Beck's not much for sitting still these days.

Monday, August 20, 2012


Back in April we planted sunflowers and spent the summer watching them grow. Nearly everyday Anderson went out there in his jammies and his boots to check on them and give them a sprinkle. Pulling them out recently was perplexing to him, but he enjoyed chopping them up to fit in the bin and learned a bit about the cycle of life nontheless.


I looked in my rearview mirror and realized Anderson had put on his bike helmet. Why? "In case I fall down, mommy." Obviously.

Sunday, August 19, 2012

9 More Days

That's it. Just nine more days before I report back to work. Nine more mornings to sleep past 5 am. Nine more days of staying in my pajamas until there is actually a reason to get out of them. Nine more days of rushing nowhere.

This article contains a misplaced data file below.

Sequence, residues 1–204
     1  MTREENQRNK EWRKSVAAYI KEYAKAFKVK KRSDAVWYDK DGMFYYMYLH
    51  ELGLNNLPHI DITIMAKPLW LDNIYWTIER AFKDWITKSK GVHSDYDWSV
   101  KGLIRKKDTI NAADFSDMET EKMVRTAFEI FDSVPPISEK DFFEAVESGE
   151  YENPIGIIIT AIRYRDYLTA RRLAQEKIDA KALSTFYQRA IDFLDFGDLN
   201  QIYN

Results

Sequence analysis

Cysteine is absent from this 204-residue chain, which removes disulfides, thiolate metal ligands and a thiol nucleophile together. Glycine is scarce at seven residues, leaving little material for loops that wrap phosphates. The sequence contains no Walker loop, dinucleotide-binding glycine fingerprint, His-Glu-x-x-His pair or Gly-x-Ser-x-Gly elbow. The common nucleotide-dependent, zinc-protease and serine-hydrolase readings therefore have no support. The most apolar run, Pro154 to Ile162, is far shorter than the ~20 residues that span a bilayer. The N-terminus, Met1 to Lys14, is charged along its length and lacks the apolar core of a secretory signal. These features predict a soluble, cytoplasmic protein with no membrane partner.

This summer began with a to-do list a mile long which involved painting various rooms, cleaning and organizing drawers, dressers, and closets, and more sewing projects than any sane person could tackle. As it comes to an end I look around at the still faux-antiqued painted walls in the master bedroom, the overflowing drawers (though there is that one bag I filled for Goodwill back in June that still sits in the corner of the bedroom) and the stacks and stacks of cut fabric and I just don't have it in me to care. Because what started out as the summer of "get it done" quickly turned into the summer of "enjoy these days because the boys are growing up way too fast and you're supposed to be making memories here!". And so we have. We have made the most of the beach, the library, the pool, and the parks and we have made memories all along the way. I have enjoyed making the kids breakfast and watching cartoons and planning adventures and it has been so nice to work on friendships that go all but neglected during the school year. The ugly walls will still be there over Thanksgiving break and the drawers, well, they can just be closed. And the sewing? It's coming along, but my inspiration seems to have melted with the heat.